Combination Frustrates Purpose
While combinations of one or more cited art documents are typical in obviousness rejections under 35 U.S.C. § 103(a), the combination of two or more of the documents
may, on occasion, render one of the cited art documents unsatisfactory for its intended purpose. In other words, the combination “frustrates the purpose” of the
document. When this occurs in a rejection under 35 U.S.C. § 103(a), it may be beneficial to traverse the rejection along the lines of the following.
Applicant respectfully submits that the combination of the [FIRST FEATURE] discussed in [FIRST DOCUMENT] with the [SECOND FEATURE] of [SECOND DOCUMENT] is improper.
Applicant respectfully submits that such a combination would result in a bizarre situation where [GENERAL REASONING WHY COMBINATION FRUSTRATES PURPOSE]. The [FIRST
FEATURE] is important to [FIRST DOCUMENT] and the removal thereof would frustrate the purpose of the system discussed therein.
MPEP § 2143.01(V) states “[i]f proposed modification would render the prior art invention being modified unsatisfactory for its intended purpose, then there is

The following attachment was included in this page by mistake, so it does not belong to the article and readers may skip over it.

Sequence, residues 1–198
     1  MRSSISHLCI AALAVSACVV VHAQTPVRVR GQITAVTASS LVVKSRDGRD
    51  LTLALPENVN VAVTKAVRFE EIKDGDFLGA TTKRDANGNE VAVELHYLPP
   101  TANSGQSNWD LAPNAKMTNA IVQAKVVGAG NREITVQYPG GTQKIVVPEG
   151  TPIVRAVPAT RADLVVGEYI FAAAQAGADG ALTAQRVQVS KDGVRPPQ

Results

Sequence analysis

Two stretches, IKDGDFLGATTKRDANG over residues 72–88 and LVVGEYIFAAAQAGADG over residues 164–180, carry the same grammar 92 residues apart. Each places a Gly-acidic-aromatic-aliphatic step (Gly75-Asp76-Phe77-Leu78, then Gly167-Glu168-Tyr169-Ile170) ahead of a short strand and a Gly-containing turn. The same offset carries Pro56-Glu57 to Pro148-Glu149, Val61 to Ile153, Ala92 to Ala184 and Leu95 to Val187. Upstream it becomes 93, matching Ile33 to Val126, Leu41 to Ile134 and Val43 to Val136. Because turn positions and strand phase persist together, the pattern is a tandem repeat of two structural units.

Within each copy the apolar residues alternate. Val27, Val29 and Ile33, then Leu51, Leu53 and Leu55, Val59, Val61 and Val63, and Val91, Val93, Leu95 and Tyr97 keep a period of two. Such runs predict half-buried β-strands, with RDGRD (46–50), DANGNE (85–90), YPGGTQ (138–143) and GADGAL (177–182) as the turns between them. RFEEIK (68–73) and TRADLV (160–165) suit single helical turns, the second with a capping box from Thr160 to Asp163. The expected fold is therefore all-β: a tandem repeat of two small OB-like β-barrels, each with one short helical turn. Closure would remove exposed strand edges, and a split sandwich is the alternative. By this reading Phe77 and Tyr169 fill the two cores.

no suggestion or motivation to make the proposed modification. In re Gordon, 733 F.2d 900, 221 USPQ 1125 (Fed. Cir. 1984)” (emphasis added).
“If the proposed modification or combination of the prior art would change the principle of operation of the prior art invention being modified, then the teachings of
the references are not sufficient to render the claims prima facie obvious. In re Ratti, 270 F.2d 810, 123 USPQ 349 (CCPA 1959)”
In the present case, [DETAILED, FACT-SPECIFIC REASONING WHY COMBINATION FRUSTRATES PRINCIPLE OF OPERATION].
As such, Applicant respectfully submits that a person of ordinary skill in the art would not have a reason to combine these features and that further, the combination
thereof would frustrate the principle of operation of [FIRST DOCUMENT]. Therefore, Applicant respectfully requests that the rejection be withdrawn.